Tea, Cakes, and Death

Yesterday, Cat, Shannon, and I drove to Frederick, MD to participate in a Death Café. As the name suggests, people can meet up at these gatherings, drink tea or coffee, eat sweet snacks like cake and cookies… and talk about death.

The Death Café was first developed by Jon Underwood and Sue Barsky Reid, based on Bernard Crettaz’s ideas. Conversations are strictly about death and dying, forcing attendees to confront what American society normally considers “taboo” topics. This was my second Death Café, and I’m so glad I was able to go. I always see a variety of people at these events, from the very old and wise, to the young and inexperienced, like myself. Many attend because they have lost loved ones and want to discuss those moments, that grief. Others are hospice workers with great insight into the lives of the dying. Still others are home funeral and green burial advocates, like the young man I met yesterday whose father is buried in his family’s home cemetery–in his backyard. What I love most about these gatherings, though, is that every single person I’ve spoken with agrees: the culture of death in America is a culture of denial and fear, and it’s wrong.

For those who don’t know, I am a huge supporter of death acceptance and a death-positive attitude. It’s very important to me to have a home funeral and to be buried without coffin or vault, directly into the earth. And I truly wish death wasn’t seen as a morbid interest or a taboo topic in my society, so that we can better prepare for death–for our own, and for our relatives’. I’ve been procrastinating on my own death planning, but at least I know what resources are out there to help me get started.

After the Death Café, my friends and I had lunch at Il Porto, then drove down the street to Mt. Olivet Cemetery. It is a large, historical cemetery that houses Francis Scott Key’s grave. As part of the monument erected over Keys’ grave, sculptor Alexander Doyle fashioned the image of Columbia, the goddess of America, flanked by boys representing War and Music. Now, in my tradition, it’s customary to leave pennies for a cemetery’s gatekeeper–usually the grave closest to the cemetery’s entrance. Considering Keys’ grave is the first and largest one at Mt. Olivet, my friends and I agreed to leave our pennies at the statues’ feet.

I approached first with three pennies in hand, one for the goddess, and one each for War and Music. The statue’s austere gaze bore down upon me with such intensity that I became filled with reverence and awe. I imagined that this must be how ancient Egyptians or Greeks or Romans felt, standing before the towering representations of their gods in Their temples. And then it occurred to me: I was in the exact same position. Of course, very few people recognize Columbia as a deity to worship or honor. And of course, the graveyard is no hallowed temple despite the sacredness of its space. And yet there I was, standing beneath Her image, feeling Her presence.

I bowed.

Mt. Olivet itself was very beautiful and peaceful. It was well-tended enough, and recent flowers on some gravestones told me that the living still visited the dead. My friends and I were the only visitors that day, yet we still spoke softly out of reverence, and we strolled at a leisurely pace. I hadn’t been to a cemetery since October, so I was quite happy to be visiting one again and keeping the company of the dead. We even found a row at the back of known and unknown Confederate soldiers whose families could not afford to ship their remains back South. Frederick City had been kind enough to bury the dead on this land instead.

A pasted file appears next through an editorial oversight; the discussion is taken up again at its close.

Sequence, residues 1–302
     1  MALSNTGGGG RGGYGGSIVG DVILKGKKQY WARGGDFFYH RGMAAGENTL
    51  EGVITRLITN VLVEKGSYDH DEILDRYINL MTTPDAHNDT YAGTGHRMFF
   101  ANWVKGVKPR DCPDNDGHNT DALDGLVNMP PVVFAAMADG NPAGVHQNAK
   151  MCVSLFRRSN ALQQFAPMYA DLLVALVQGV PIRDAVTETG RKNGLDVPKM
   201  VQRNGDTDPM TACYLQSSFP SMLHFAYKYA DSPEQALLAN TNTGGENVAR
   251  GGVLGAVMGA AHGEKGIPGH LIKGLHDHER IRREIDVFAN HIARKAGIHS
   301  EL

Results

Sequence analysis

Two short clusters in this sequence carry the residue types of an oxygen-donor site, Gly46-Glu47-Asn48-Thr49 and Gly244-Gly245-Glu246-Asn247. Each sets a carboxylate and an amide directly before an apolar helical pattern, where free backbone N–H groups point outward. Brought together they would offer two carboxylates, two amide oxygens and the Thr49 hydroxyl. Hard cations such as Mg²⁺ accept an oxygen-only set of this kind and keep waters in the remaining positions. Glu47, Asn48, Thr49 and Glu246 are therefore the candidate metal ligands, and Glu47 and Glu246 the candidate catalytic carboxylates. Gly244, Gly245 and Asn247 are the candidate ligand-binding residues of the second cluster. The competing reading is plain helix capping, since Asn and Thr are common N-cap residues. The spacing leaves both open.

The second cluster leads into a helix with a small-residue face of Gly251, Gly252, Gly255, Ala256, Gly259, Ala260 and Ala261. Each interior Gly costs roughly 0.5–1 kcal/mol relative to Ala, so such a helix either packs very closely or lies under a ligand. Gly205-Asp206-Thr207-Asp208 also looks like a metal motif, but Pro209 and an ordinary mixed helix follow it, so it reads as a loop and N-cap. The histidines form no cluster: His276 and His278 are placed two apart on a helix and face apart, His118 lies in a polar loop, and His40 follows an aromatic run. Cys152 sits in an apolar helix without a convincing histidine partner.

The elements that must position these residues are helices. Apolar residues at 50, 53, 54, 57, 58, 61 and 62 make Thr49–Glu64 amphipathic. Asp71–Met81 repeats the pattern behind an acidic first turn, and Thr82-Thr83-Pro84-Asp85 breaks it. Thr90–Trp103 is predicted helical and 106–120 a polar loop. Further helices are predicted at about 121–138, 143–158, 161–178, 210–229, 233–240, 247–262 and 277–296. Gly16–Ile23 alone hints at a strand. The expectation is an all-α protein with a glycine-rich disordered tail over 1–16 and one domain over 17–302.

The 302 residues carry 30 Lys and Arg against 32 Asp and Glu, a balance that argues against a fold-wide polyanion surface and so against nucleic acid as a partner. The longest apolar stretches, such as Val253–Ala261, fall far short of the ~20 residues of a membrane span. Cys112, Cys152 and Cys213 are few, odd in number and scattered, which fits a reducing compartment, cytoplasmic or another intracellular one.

If anything, visiting Mt. Olivet made me yearn to return to Loudon Park, which I frequented before the cold weather set in. I used to bring my lunch and stroll among the headstones there. The last time I went, I found an abandoned grave, one whose headstone had almost been lost beneath dirt and grass. I’ll try to find that one again, though it’ll prove difficult. And I want to visit the plot of land at Loudon Park where Dan’s family is buried, to pay my respects. Since the weather is finally starting to warm up, I’m sure I’ll be able to go more frequently.

After our cemetery walk, my friends and I drove to Frederick’s pagan store, The Owl Nest. It was not too different from the Crystal Fox, though the shelves were organized more neatly and they had a huge herb collection. A few merchandise tempted me, such a set of Elder Futhark runes carved into bloodstone. I’d already purchased a smaller set carved into black river stone from Etsy, however, so I decided not to part with my money at the store. Instead, I later spent it on materials for the upcoming spring equinox party and ritual I’m hosting at my house next month.

Overall, I had a fun time in Frederick! It was my first time visiting the town, which I found clean and quaint, if somewhat far away. The Death Café was as enjoyable as I expected it to be, though unfortunately, the skull-and-crossbones cookies were a bit bland. The visit to Mt. Olivet was a lot more intense than I thought it would be, but in a good way, of course! I don’t know if I’ll head up in this direction again soon, but I’m glad I did yesterday, and I’m especially glad that Cat and Shannon went with me.

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